7 Everyday Habits That Could Add 5 Years to Your Life

Looking for the fountain of youth? These healthy activities have been scientifically shown to help you stick around longer.

Think positive

Could just thinking hopefully about living longer actually make it happen? Maybe, because having a positive attitude about life has been shown to increase it. “Studies show that individuals who practice positive thinking live an average of 7.5 years longer than those who don’t,” says psychologist Deborah Serani, PsyD, award-winning author of Depression in Later Life. “Positive people report higher levels of happiness and more meaningful connections to others. Some of the physical benefits of positive thinking include lower blood pressure, better sleep, and a stronger immune system.”

Get the right amount of sleep

Getting the recommended seven to nine hours of sleep (seven to eight hours for over-65 year olds) a night is crucial for your body to repair and renew itself, which can add on a few years to your lifespan. “An analysis was conducted of studies on sleep duration and mortality, totaling over a million adults,” says sleep expert Richard Shane, PhD, creator of the Sleep Easily method. “The analysis found that short sleep of six hours or less was associated with a 12 percent increased risk of death, and long sleep of nine or more hours was associated with a 30 percent increased risk of death.”

Protect yourself from the sun

Skin cancer affects more people than all other cancers combined, with one person dying from it every hour. “Using sunscreen every day decreases your risk of all skin cancers, including the most fatal form, melanoma,” says dermatologist Whitney Bowe, MD, author of the Beauty of Dirty Skin. In addition to the cancer risk, an Australian study showed people who apply sunscreen daily showed 24 percent less skin aging over 4.5 years. However, “wearing sunscreen is the first line of defense for healthy skin, but it is not enough,” Dr. Bowe says. “UPF clothing and swimsuits, antioxidant supplements like Heliocare that protect your skin from sun damage from the inside-out, and seeking shade during peak sun hours, are also critical to maintaining skin that’s healthy and skin-cancer free.”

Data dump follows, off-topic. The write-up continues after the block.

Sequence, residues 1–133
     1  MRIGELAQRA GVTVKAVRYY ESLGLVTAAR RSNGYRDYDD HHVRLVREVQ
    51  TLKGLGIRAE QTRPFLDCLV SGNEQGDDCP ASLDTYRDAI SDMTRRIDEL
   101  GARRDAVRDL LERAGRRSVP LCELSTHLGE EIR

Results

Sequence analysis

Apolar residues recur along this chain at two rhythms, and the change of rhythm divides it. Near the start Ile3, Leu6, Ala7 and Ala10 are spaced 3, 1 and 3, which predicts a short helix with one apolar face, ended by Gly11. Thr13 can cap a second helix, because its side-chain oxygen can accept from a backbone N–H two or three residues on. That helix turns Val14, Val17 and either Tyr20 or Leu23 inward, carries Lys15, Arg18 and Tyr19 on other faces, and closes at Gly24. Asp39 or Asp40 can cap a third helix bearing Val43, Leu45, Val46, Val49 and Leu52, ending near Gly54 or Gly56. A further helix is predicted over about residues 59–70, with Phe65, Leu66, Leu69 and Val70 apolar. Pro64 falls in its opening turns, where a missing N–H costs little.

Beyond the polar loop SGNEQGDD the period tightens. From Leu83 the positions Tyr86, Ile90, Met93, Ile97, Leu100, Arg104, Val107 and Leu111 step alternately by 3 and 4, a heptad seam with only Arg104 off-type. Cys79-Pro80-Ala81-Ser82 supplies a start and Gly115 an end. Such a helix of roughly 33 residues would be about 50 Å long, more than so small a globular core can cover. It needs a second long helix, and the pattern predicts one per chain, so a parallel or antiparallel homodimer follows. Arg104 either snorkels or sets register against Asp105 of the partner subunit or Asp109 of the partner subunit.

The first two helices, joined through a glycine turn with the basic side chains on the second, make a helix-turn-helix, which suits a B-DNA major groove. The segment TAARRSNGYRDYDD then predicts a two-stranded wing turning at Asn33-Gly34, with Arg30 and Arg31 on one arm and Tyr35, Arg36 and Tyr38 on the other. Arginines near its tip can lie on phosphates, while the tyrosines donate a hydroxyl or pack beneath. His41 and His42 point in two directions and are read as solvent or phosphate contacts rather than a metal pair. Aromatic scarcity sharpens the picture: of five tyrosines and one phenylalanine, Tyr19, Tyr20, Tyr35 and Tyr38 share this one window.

Get moving

It’s not a shock that exercise lengthens your life, but what kind and how much have life-extending benefits? “The magic number is 150 minutes of exercise a week to improve longevity and give you a 31 percent decrease in risk of dying,” Dr. Levine says. “The type of exercise should be moderate, which means elevated heart rate and sweating.” Exercise can prevent elevated blood pressure, high cholesterol, dementia, and early death. “Walking is great, however if my patient can tolerate more intense exercise, than I always encourage it,” she says. Any amount you can get in is beneficial: One study showed brisk walking for 450 minutes a week added 4.5 years of life, but even 75 minutes added almost two years.

Reduce stress

Being stressed doesn’t just take a mental toll—it takes a physical one that can shorten your life, according to research. One study found that chronic stress cut lifespans short by four to eight years. Taking anti-stress measures can reverse this trend. “Negative thinking increases the stress hormones, cortisol and adrenaline, which make us restless and irritable,” Dr. Serani says. “But if you learn to offset half-empty thoughts with hall-full ones, your body creates more feel-good hormones, like norepinephrine, endorphins, dopamine, serotonin, and oxytocin.”

Keep your brain active

You need to keep your brain as well as your body moving to prevent declines in mental function that can shorten lifespans. One study in the New England Journal of Medicine found that after five years, those elderly subjects who read, played board games, or musical instruments were less likely to have developed dementia or Alzheimer’s. Another study from the National Institute on Aging followed participants for 4.5 years, and those who spent the most time (every day or every other day) reading, doing puzzles, playing cards, or doing crosswords had a 47 percent reduced risk than those who least frequently participated in those activities.